Update, May 15, 2012: My entry is not on the scholarship shortlist.
On Friday, I sent in my application to the 2012 World Nomads Travel Writing Scholarship. This is a six-week, paid opportunity to travel and write on assignment guided by three established travel writers in Singapore, Bali and Malaysia.
Winning this scholarship will be my dream come true. Please help me get closer to my goal by reading, commenting on and sharing my scholarship entry.
If you’re a reader of this blog, you will notice that my entry refers to the same Korean spa trip I described in my last blog post. Thanks for being my guinea pigs 🙂 The essay restricted the entrants to using 2,000 characters – including spaces. So publishing that first draft here, seeing it online and getting some distance from it was critical for me in determining the salient points to include in the many re-drafts and in the last draft you’ll read in my final entry. Thanks to the folks who commented on and read it here and across the interwebs.
Let me interrupt myself! And while I’m at it, I’d like to thank to my readers and fellow bloggers who’ve taken time to read or comment on my posts in the past few months. It pleases me to no end to hear your comments, see your retweets and to open my dashboard every morning to see you’ve stopped by from your laptops and phones all around the world. I’m very humbled by the warm reception. Many thanks.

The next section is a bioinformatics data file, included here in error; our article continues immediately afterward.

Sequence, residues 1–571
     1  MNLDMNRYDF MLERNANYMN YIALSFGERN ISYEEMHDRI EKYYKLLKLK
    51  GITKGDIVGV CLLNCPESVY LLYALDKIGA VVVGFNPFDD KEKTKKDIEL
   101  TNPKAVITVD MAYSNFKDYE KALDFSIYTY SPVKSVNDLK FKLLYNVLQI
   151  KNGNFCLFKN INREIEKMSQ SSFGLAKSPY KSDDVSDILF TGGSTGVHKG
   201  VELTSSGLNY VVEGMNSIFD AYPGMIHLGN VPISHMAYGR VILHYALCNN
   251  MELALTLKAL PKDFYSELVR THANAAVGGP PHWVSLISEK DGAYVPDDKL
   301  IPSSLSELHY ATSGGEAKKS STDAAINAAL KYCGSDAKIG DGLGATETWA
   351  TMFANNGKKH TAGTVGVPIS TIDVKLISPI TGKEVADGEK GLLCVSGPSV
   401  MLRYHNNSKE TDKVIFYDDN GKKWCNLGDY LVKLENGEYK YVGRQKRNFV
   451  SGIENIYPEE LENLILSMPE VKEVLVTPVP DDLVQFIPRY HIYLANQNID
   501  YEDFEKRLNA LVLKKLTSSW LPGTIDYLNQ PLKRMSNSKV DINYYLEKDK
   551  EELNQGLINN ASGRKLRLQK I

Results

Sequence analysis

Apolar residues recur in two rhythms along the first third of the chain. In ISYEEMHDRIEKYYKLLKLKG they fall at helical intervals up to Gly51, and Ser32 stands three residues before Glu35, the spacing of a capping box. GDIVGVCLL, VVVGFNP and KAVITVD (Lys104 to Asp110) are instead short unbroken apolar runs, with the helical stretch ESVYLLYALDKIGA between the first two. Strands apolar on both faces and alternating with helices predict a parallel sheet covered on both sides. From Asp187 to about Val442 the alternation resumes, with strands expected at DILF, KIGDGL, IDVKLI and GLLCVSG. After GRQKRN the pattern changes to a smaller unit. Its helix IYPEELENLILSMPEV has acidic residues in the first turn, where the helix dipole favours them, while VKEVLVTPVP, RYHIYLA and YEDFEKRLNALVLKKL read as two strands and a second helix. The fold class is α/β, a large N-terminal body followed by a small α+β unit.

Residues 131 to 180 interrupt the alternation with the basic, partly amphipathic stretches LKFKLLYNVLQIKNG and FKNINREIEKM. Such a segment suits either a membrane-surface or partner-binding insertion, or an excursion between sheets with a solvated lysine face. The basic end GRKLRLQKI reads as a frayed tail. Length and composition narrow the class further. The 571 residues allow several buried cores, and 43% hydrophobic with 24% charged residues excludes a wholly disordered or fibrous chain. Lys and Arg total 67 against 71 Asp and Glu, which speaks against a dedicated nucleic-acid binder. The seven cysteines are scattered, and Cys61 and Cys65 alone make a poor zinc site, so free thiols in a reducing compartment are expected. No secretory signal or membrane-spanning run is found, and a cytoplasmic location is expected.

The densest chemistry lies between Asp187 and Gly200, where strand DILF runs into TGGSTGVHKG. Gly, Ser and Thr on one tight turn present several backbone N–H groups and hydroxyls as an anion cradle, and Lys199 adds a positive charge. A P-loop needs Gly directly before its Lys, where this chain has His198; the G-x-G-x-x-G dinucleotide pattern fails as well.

Back to the story!
As a part of the entry, I also wrote an 800-character personal essay about why I am the best candidate for the job and what the opportunity would mean to me. For some reason, that essay does not appear in the public version of my scholarship entry. But I thought I’d include it here because this short essay explains a lot about me, why I’m doing this blog, and why I love travel and writing. Please enjoy!
Through my writing, I want readers to appreciate the many ways of living in and looking at the world. Raised in a Filipino home near Chicago, I saw life through the lenses of many immigrants, and I questioned why the spectrum of the American experience was so full of gray.
Travel quenches my thirst for nuanced answers. Though I find few that satisfy, I become more at ease with uncertainty and discover joy in complexity. As a traveler, I’ve learned to adapt and push my boundaries whether at home or abroad.
Winning this scholarship will be an amazing opportunity to listen to the tongues of southeast Asia and to unpack these stories in well-chosen detail. With my mentors’ guidance and critique, I will shape my work into writing that will connect deeply with readers and win their trust.